Academics and Research / Campus & Community / Magazine Feature

DU monitors as NASA crashes the moon for science

University of Denver Associate Professor Robert Stencel opened the University’s historic Chamberlin Observatory early Oct. 9 and joined members of the Denver Astronomical Society to watch as NASA sent a probe crashing into the moon’s surface.

The DU-based moon gazers hitched a video camera to the end of the observatory’s telescope to record the moment when NASA’s payload kicked up a plume of moon dust for analysis. The entire scenario, from landing an object on the moon to digitally recording it, is probably something founders of the observatory couldn’t imagine when the telescope was first put to use in 1894.

While the video camera and telescope worked flawlessly, the event didn’t turn out to be a spectacular visual show. NASA reports the impact occurred in the shadow of a crater, hidden from viewers on Earth. Nevertheless, NASA scientists say the experiment did yield a wealth of data.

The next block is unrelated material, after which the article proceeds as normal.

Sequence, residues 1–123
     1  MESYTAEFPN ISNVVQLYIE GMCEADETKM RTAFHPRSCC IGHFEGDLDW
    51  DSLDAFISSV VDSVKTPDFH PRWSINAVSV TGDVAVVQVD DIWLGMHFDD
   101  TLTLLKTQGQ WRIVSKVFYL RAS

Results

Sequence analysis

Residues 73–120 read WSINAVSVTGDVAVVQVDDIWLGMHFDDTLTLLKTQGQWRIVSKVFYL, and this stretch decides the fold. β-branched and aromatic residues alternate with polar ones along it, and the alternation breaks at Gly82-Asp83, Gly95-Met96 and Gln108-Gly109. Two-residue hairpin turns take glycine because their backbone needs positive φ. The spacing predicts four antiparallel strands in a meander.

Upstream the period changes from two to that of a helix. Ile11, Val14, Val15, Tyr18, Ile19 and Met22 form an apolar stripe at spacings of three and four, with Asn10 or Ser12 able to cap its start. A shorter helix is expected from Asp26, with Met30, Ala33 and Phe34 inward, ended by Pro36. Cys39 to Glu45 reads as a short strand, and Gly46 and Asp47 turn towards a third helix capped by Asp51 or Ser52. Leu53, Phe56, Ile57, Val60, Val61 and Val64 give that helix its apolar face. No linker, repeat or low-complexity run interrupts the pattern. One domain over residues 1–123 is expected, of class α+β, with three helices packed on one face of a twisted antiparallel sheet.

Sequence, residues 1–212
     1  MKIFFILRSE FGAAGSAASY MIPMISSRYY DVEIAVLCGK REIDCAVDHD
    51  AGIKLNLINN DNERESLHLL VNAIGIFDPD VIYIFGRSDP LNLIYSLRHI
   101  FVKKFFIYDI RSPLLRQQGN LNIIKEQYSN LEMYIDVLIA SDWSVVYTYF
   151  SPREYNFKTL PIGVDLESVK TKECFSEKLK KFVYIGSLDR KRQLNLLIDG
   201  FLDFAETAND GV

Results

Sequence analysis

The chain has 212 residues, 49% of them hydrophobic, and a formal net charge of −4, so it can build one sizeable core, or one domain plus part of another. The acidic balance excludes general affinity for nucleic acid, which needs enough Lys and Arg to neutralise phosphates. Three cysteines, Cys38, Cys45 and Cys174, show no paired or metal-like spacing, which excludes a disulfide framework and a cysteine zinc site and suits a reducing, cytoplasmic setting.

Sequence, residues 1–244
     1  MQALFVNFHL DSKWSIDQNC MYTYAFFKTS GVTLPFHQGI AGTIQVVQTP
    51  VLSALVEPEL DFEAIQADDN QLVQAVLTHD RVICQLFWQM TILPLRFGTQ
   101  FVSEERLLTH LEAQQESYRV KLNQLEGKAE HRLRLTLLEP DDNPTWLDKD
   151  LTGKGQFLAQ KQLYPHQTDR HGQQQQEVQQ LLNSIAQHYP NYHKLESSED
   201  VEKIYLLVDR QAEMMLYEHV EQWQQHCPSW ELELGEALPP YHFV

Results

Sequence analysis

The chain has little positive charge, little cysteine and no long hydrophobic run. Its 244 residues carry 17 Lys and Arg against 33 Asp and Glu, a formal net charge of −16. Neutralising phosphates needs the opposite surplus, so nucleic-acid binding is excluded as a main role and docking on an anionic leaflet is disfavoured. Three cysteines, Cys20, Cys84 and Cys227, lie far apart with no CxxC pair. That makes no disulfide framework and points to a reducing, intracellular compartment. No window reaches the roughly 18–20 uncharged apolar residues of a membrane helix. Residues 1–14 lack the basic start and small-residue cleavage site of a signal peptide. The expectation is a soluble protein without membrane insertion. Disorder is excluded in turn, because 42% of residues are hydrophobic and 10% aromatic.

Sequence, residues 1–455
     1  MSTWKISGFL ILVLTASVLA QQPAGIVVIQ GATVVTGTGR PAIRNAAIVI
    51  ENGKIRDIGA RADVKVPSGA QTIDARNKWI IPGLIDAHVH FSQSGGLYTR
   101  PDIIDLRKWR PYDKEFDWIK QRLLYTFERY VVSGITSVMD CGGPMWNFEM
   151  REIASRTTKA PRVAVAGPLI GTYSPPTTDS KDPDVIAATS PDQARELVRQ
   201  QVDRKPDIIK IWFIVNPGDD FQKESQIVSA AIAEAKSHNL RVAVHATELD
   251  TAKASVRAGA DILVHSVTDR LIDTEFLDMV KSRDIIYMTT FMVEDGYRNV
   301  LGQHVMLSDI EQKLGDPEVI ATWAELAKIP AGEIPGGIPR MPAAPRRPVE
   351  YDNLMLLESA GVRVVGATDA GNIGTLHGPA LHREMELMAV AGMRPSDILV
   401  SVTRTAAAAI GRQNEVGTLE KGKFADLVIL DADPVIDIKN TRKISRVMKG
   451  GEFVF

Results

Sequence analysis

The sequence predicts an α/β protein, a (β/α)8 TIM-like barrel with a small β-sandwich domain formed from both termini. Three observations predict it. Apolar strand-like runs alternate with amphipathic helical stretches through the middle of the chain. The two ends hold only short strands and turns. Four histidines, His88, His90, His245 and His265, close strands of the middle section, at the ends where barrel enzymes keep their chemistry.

For the mission, dubbed Lunar Crater Observation and Sensing Satellite (LCROSS), the probe traveled 5.6 million miles on a 113-day trip destined to end with a crash into the Cabeus crater, near the moon’s south pole.

Stencel says if tests show significant amounts of water in the moon’s permafrost, it could make establishment of a moon colony for scientific research more plausible.

“If we could find enough water on the moon it would mean we would not have to haul it there if we were to colonize,” Stencel says. “It would be a fabulous resource”

He adds previous missions have in the past located at least some trace of water associated with the moon.

The LCROSS mission is also significant because it marks NASA’s first return to the moon in years and demonstrates a renewed interest at a time when India, Japan, China and European countries have all stepped up moon studies, Stencel says.

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